The Kinect captures depth videos at 30 frames per second in a 512 by 424 resolution, and operates in a range of 0.5 to 8 metres. It processes the depth data to compute a number of joint positions, specified as the distances from the camera in Cartesian coordinates. 20 joints were computed originally, but this was increased to 25 in the second version of the hardware. This set of joints is shown in the figure. Skeletal tracking operates effectively in the range of 0.8 to 4 metres.

Kinect skeletal joints

Supervised Learning

Recognition is performed using a machine learning pipeline which involves:

  • Acquiring data from a subject
  • Feature extraction to find identifying characteristics
  • Classification to identify the subject


In non-cooperative environments such as surveillance, collecting high quality biometrics can be difficult due to factors such as poor lighting and long range from the sensor. Using low quality biometrics degrades the performance of such systems which use only a single trait of the person. Fusion is a technique used to merge the results of two or more independent classifiers to obtain a stronger classifier. In this system the classifiers refer to the facial and body recognition algorithms, the outputs of which assign a person’s traits to a single label.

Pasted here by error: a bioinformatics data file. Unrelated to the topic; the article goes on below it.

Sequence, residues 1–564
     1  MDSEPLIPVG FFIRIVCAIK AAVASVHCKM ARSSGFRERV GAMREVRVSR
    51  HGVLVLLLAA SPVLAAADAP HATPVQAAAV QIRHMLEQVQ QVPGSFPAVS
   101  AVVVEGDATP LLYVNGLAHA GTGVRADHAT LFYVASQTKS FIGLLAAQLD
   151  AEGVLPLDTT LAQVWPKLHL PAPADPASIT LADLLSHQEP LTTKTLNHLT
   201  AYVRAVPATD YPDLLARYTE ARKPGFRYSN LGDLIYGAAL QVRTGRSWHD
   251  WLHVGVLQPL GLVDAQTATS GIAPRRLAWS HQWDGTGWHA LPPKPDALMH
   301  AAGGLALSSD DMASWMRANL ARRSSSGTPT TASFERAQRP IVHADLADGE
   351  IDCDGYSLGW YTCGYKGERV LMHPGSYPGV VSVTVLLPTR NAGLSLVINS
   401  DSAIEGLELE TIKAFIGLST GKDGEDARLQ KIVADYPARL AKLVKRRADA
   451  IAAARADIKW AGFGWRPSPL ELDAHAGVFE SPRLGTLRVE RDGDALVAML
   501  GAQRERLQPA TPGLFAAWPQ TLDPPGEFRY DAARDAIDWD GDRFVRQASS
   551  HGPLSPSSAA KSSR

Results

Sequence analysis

System Pipeline
  • 1. Acquire data
  • 2. Preprocess data to improve quality
  • 3. Extract features from preprocessed data
  • 4. Use extracted features to create a classifier

Data Acquisition

Data is acquired using the Microsoft Kinect. RGB, depth and skeletal data is captured.